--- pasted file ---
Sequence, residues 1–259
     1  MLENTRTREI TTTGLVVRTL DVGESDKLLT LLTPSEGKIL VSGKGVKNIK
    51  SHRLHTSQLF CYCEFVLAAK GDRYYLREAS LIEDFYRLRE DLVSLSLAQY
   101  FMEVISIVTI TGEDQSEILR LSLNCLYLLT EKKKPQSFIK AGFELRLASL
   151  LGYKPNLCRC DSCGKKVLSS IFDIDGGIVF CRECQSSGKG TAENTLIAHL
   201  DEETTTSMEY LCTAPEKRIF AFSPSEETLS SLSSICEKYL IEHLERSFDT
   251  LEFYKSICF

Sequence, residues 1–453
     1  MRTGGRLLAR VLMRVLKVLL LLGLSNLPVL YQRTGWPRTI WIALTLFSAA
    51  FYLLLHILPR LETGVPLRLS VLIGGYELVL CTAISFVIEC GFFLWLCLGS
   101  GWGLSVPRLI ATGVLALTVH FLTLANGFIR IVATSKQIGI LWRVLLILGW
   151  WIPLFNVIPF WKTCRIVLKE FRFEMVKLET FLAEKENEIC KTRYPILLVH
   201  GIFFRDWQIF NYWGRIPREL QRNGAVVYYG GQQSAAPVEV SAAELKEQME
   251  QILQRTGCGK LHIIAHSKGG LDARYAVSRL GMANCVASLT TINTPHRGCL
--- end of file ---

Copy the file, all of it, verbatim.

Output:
Sequence, residues 1–259
     1  MLENTRTREI TTTGLVVRTL DVGESDKLLT LLTPSEGKIL VSGKGVKNIK
    51  SHRLHTSQLF CYCEFVLAAK GDRYYLREAS LIEDFYRLRE DLVSLSLAQY
   101  FMEVISIVTI TGEDQSEILR LSLNCLYLLT EKKKPQSFIK AGFELRLASL
   151  LGYKPNLCRC DSCGKKVLSS IFDIDGGIVF CRECQSSGKG TAENTLIAHL
   201  DEETTTSMEY LCTAPEKRIF AFSPSEETLS SLSSICEKYL IEHLERSFDT
   251  LEFYKSICF

Sequence, residues 1–453
     1  MRTGGRLLAR VLMRVLKVLL LLGLSNLPVL YQRTGWPRTI WIALTLFSAA
    51  FYLLLHILPR LETGVPLRLS VLIGGYELVL CTAISFVIEC GFFLWLCLGS
   101  GWGLSVPRLI ATGVLALTVH FLTLANGFIR IVATSKQIGI LWRVLLILGW
   151  WIPLFNVIPF WKTCRIVLKE FRFEMVKLET FLAEKENEIC KTRYPILLVH
   201  GIFFRDWQIF NYWGRIPREL QRNGAVVYYG GQQSAAPVEV SAAELKEQME
   251  QILQRTGCGK LHIIAHSKGG LDARYAVSRL GMANCVASLT TINTPHRGCL